(Bloomberg) -- Hedge funds are piling back into a trade involving U.S. Treasury futures as surging expectations for Federal Reserve rate increases create dislocations in the market, particularly for two-year notes.

The Treasury basis trade involves pairing a position in futures with an opposite position in the underlying note or bond, and futures positioning data from the Commodity Futures Trading Commission suggest it’s having a moment. The trade makes sense because the increasing threat of Fed rate hikes last week caused a surge in two-year yields that disrupted the cash-futures relationship.

As interest-rate swaps repriced the Fed’s path to two hikes next year, compared with one a month ago, interest in being short the two-year note inflated its value relative to futures. The relative cheapening in futures apparently enticed hedge funds to enter into short basis trades, in which they’re long futures and short cash. 

Hedge funds last week extended their net long in two-year note futures to the most since October 2017, the CFTC data show. Meanwhile, asset managers cut their net long position. The positioning spread reached the widest since 2016.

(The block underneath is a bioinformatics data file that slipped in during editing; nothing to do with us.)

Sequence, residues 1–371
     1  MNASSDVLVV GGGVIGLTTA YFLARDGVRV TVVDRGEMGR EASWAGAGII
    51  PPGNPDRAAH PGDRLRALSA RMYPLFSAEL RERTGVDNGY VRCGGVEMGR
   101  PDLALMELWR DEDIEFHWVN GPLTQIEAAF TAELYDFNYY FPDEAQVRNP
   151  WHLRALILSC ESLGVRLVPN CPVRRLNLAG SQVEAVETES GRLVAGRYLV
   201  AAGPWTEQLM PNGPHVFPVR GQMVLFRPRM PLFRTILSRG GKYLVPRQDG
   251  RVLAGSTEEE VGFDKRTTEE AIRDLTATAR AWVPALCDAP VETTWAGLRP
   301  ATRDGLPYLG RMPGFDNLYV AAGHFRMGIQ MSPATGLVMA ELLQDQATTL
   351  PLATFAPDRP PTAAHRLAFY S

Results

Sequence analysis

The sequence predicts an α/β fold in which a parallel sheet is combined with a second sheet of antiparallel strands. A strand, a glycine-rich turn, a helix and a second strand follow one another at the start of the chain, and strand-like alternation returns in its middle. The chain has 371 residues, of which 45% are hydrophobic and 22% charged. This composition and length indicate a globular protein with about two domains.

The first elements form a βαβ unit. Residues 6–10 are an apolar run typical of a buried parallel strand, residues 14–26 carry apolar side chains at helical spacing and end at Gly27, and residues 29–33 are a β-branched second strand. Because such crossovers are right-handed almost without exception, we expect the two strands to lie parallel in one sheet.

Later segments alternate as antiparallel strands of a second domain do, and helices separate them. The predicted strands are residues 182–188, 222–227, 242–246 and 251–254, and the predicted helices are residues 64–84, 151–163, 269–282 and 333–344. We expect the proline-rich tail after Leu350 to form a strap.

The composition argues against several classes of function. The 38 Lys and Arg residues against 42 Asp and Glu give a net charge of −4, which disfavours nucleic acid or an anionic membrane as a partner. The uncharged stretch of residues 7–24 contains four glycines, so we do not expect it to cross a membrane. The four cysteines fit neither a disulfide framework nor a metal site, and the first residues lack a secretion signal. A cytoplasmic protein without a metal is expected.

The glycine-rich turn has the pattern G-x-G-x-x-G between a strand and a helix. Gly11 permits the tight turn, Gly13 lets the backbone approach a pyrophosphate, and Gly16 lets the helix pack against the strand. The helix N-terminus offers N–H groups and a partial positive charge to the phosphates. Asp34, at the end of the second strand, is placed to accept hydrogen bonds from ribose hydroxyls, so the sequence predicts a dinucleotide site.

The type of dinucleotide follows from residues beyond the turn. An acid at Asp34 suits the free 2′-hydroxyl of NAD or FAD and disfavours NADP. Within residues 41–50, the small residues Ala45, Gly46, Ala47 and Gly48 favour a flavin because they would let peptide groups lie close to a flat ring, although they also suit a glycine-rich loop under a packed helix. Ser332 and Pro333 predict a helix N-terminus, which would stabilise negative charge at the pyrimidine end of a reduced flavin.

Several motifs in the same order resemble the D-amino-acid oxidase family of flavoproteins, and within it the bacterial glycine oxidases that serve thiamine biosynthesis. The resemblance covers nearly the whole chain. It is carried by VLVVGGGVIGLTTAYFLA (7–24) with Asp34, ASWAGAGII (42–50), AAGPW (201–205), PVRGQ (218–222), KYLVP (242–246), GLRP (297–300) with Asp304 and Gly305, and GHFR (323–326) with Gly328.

The rate at which short positions were established in two-year Treasuries last week was reflected in the high cost of borrowing the newest one. While the cost eased by the end of the week, the newest notes “are trading deeply special in repo markets, and the specialness is expected to persist through the end of November,” Deutsche Bank strategist Steven Zeng said in an Oct. 22 report.

Extraordinary demand for the newest two-year notes made them “a potential candidate for investors to be short against TU futures and likely why the issue has been funding special in repo as of late,” Barclays strategists Anshul Pradhan and Andres Mok said in an Oct. 21 note. 

Past episodes involving hedge funds and the basis trade ended in tears, notably in 2020, but this one has been fairly orderly so far. The FRA/OIS spread, a key gauge of banking-sector risk that moved 70 basis points during the first quarter of 2020, has remained within a three-basis-point range over the past month.

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